Son fights security company for late mother's estate

Thuli Zungu Consumer Line
Livhuwani Matamela wants to ensure that his late mother's estate is wound up fairly.
Livhuwani Matamela wants to ensure that his late mother's estate is wound up fairly.
Image: Supplied

Livhuwani Matamela has vowed to fight to the bitter end to ensure he gets everything that rightfully belongs to his dead mother.

Matamela, 36, said he was appointed as the executor of his deceased mother's estate after she died in 2013, leaving him with his two younger siblings now aged 30 and 32 respectively.

His mother, Rose Takanani Matamela, held shares in a company and has not been paid dividends from 2013 until now, he said.

While sorting out her estate, he discovered that she held 10% member's interest of Gwala Security close corporation, he said.

His mother used to get a 10% payment that was deposited into her bank account.

He traced these shares to Calson Nemaridili, the owner of Gwala Security, who confirmed that his mother was a shareholder, Matamela said.

Matamela said Nemaridili promised to give him all the required documents to deal with his mother's estate but did not.

Instead, he said Nemaridili changed the company from a closed corporation to proprietary limited and removed his mother from the list of shareholders.

He believes that his mother's estate would be more than R250,000 if Nemaridili could issue him with his mother's shareholder certificate.

"Judging by the amounts paid into her bank account, she would have received over R250,000 by now," Matamela said.

He said according to the Administration of the Estate Act, Nemaridili was suppose to report that he was in possession of his mother's shares to the master of the high court, but never did.

"Worse still, I recently discovered that he removed my mother's name as a director and forged my signature in 2015 in order to consent to the removal," Matamela said.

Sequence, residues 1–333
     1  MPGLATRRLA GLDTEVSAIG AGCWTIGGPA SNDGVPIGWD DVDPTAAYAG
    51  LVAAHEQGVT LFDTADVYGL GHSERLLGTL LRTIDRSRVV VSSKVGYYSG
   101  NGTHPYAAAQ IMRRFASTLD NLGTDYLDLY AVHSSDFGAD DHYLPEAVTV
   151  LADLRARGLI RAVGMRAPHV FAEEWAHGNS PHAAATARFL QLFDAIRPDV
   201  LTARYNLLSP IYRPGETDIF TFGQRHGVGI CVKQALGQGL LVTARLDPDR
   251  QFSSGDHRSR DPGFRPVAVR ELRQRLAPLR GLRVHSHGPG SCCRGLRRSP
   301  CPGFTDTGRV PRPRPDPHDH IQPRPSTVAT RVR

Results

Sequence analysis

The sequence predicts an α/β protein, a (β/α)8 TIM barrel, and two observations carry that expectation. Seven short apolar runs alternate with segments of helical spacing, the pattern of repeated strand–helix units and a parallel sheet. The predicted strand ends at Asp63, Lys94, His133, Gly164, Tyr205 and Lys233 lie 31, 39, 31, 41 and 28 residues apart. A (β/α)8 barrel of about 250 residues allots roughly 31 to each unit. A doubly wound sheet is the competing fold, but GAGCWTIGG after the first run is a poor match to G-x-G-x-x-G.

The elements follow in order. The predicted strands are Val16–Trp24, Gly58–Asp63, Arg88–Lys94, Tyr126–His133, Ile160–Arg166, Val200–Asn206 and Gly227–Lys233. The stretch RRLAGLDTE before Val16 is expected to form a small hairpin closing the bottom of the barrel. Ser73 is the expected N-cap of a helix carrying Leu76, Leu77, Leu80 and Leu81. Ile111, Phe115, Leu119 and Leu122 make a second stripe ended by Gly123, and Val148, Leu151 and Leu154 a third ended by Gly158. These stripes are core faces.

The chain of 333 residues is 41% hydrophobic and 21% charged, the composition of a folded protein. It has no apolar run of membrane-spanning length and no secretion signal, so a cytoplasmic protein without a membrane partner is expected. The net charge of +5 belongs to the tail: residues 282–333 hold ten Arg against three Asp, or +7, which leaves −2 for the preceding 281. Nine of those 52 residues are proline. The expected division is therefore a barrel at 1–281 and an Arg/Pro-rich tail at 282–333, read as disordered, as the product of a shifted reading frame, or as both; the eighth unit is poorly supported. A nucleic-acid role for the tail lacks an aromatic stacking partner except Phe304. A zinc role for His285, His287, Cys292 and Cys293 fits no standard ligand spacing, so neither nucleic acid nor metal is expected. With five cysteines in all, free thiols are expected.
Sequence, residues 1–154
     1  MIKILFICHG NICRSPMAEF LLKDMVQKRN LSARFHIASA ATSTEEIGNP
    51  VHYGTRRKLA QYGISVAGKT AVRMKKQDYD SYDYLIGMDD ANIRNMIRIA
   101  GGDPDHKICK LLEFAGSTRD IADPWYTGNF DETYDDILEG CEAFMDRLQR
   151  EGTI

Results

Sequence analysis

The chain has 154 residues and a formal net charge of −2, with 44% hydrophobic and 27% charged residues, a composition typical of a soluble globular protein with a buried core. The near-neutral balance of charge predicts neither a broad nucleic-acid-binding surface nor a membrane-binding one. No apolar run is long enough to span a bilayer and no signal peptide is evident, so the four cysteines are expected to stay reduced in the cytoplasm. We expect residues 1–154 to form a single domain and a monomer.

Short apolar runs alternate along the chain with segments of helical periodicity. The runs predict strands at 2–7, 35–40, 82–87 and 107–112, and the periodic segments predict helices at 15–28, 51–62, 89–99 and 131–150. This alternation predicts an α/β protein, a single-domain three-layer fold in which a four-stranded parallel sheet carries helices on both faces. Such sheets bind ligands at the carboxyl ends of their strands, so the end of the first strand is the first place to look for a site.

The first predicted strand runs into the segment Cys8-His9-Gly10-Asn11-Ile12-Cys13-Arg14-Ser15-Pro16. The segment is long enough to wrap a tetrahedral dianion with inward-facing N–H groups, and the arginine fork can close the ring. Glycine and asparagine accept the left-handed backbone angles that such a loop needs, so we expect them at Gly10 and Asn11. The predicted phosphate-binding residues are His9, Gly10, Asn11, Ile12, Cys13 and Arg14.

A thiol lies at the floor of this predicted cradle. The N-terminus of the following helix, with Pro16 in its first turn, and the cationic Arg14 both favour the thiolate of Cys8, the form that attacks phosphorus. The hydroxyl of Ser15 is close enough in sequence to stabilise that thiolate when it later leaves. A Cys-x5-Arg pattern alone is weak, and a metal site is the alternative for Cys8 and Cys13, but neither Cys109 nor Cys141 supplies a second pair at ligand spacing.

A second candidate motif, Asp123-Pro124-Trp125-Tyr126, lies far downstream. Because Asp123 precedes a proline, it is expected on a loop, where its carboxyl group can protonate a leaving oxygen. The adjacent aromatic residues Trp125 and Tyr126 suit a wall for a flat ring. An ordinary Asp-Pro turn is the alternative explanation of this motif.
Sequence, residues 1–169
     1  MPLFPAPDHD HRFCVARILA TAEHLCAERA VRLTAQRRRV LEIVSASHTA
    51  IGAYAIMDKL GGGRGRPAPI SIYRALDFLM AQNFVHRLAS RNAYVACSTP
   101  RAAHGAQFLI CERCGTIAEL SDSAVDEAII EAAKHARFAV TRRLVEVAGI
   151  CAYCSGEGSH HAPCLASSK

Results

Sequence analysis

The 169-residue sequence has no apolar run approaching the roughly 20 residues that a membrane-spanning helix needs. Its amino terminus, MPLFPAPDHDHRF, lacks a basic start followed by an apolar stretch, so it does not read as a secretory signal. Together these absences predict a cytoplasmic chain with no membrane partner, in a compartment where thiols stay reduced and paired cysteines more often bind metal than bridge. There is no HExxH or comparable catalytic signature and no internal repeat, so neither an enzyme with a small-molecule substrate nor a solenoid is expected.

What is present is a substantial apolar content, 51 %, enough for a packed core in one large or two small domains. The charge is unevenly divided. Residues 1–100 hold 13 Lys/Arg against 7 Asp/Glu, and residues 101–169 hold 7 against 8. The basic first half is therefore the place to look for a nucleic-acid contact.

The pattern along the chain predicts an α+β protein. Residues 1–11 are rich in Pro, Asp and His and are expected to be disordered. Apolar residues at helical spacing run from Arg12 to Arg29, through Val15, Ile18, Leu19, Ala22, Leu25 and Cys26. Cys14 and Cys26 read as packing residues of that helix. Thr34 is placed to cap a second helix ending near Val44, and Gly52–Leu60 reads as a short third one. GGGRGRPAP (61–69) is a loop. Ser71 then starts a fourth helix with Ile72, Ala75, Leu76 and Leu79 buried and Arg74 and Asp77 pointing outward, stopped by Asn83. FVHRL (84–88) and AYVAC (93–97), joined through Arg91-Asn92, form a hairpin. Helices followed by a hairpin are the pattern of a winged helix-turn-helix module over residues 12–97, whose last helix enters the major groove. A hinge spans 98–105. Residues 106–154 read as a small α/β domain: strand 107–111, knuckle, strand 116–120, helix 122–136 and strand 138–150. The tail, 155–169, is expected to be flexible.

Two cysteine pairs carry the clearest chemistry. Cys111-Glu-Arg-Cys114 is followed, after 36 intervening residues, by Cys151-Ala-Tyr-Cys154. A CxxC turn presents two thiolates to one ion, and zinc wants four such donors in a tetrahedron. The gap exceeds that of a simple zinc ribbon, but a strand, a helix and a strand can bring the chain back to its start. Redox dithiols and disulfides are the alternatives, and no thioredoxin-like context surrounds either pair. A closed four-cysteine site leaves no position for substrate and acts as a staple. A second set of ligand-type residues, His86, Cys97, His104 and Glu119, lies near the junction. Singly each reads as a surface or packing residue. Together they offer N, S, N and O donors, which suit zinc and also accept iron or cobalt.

He said this was "fraudulent and unfair business practice as he did so to deprive his mother's estate of her rights".

"Directorship stopped upon her death, but death did not put an end to shareholding until or unless the existing shareholders buy her shares," said Matamela.

He said he always thought that Nemaridili had good intention with regards to his late mother's estate until he barred him from coming to his office or inquiring about his mother's issues.

Matamela said before this, Nemaridili had asked him to sign for an overdraft of about R500,000 as an executor of his mother's estate to enable him to pay his employees.

Over and above this, Matamela claims there was an investment payout from Tutuwa Investment that his mother's estate should have received 10% of, but Nemaridili kept it all to himself.

This led Matamela to enlisting the service of a lawyer, who has now issued summons against Nemaridili.

Matamela said it was not his intention to get legal intervention, but Nemaridili's arrogance and disrespect made him do so.

He said he thought his mother's removal from the shareholder's list was fraudulent and this has affected him and his siblings.

"It will only be fair and just that the estate of my late mother gets what belongs to it as she worked pretty hard to put Nemaridili where he is today," Matamela said.

When asked for comment, Nemaridili said Matamela has chosen the courts to deal with the issue.

"We respect and abide by his choice, as a result we cannot in law comment on merits of the issue, which is pending before the court for determination," Nemaridili said.

Shinaz Khan of Mkhize Attorney confirmed that his law firm was representing Matamela, but would not comment further as the matter is sub judice.

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